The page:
Mr. Gilreath remains an active arranger for the marching arts and is, as of 2020, the brass arranger for the Blue Knights Drum and Bugle Corps of Denver Colorado.  He continues as owner of NIGHTMUSIK.COM, an arranging and consultation website and consultation service for marching bands.

(From the composer:)

“Dedicated to commemorate the selection of my dear friend, Dr. Sue Samuels as the new Director of Bands at our Alma Mater, Furman University. Fanfare for a Bright, New World is a bright, uplifting, face-paced, forever-changing, challenging work that seeks to paint a musical picture of optimism and hope for a bright new world.” This is a fanfare of rhythmic excitement, flowing lyricism, and nods to the music of John Adams.

Only Light by Aaron Perrine

With works in a variety of genres, Aaron Perrine’s music has been performed by some of the leading ensembles and soloists across the United States and beyond. He is a two-time winner of the American Bandmasters Association Sousa/Ostwald Award for his compositions: Only Light in 2015 and Pale Blue on Deep in 2013. Only Light—commissioned by the University of Iowa Symphony Band, Richard Mark Heidel, conductor—was included on the latest University of Kansas Wind Ensemble recording (Of Shadow and Light, Klavier). Another one of his compositions—Temperance—recently won the 2017 CBDNA Young Band Composition Contest. His music for winds has also been featured at the 2017 CBDNA National Conference, multiple regional CBDNA Conferences, The Midwest Clinic, The Western International Band Clinic, and at numerous all-state, state conference and honor band concerts.

Perrine’s music for saxophone has also received many notable performances. Primal—for saxophone quartet—was performed at the 2014 NASA Biennial Conference in Urbana-Champaign, Illinois, and the 2012 World Saxophone Congress XVI in St. Andrews, Scotland. Bridge Suite—for alto saxophone and cello—was performed at the 2012 NASA Biennial Conference in Tempe, Arizona. This past summer, It Has to Be Beautiful, a concerto for alto saxophone and wind ensemble, was premiered by Kenneth Tse with the Symphonic Wind Orchestra of Croatian Armed Forces at the 2018 World Saxophone Congress, in Zagreb, Croatia.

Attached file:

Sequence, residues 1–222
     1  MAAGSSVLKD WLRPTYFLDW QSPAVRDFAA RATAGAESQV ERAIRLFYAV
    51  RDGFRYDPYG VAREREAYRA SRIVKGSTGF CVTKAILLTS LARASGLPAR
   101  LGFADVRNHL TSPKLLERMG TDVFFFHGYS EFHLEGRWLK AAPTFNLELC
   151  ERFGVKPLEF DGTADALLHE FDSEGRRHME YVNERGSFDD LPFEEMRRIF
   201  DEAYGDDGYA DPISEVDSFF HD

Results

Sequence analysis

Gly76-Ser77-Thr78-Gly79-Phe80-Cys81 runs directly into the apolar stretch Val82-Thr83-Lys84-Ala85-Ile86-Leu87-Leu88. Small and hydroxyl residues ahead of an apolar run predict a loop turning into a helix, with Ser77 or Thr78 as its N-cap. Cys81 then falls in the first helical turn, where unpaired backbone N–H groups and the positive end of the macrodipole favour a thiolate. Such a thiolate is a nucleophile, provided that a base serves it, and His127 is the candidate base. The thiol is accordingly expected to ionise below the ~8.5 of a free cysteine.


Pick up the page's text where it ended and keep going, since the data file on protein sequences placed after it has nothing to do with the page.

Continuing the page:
In addition to composing, Perrine is an active conductor and educator. He has conducted a variety of honor bands, with his most recent appearance being the 2018 All-Iowa 8th Grade Honor Band. Future conducting engagements include the 2021 South Dakota All-State Band. He is currently on the faculty at Cornell College in Mt. Vernon, Iowa.

Perrine has received degrees from the University of Iowa, the University of Minnesota and the University of Minnesota, Morris. For more information, please visit aaronperrine.com.

(From the composer:)

 “The melodic material for Only Light originally came from Beneath a Canvas of Green, a recently composed large-scale work of mine written for wind ensemble.At the time, I was not quite comfortable with how this music fit within the larger work (it passed by much too quickly), and I knew it was something I would eventually like to revisit.

During the next few years, I was moved by two friends' display of strength and courage through adversity.Through these experiences, I was reminded of how delicate life is, and how things can change at a moment's notice. Reflecting upon these events inspired me to expand and ultimately finish this previously composed music. Only Light is meant to convey a sense of hope and healing.”

Symphony No. V: Elements by Julie Giroux

Julie Ann Giroux was born 1961 in Fairhaven, Massachusetts, and raised in Phoenix, Arizona and Monroe, Louisiana. She received her formal education from Louisiana State University and Boston University. She studied composition with John Williams, Bill Conti and Jerry Goldsmith, to name a few. Julie is an accomplished performer on piano and horn, but her first love is composition. She began playing the piano at the age of three and had published her first piece at the age of nine.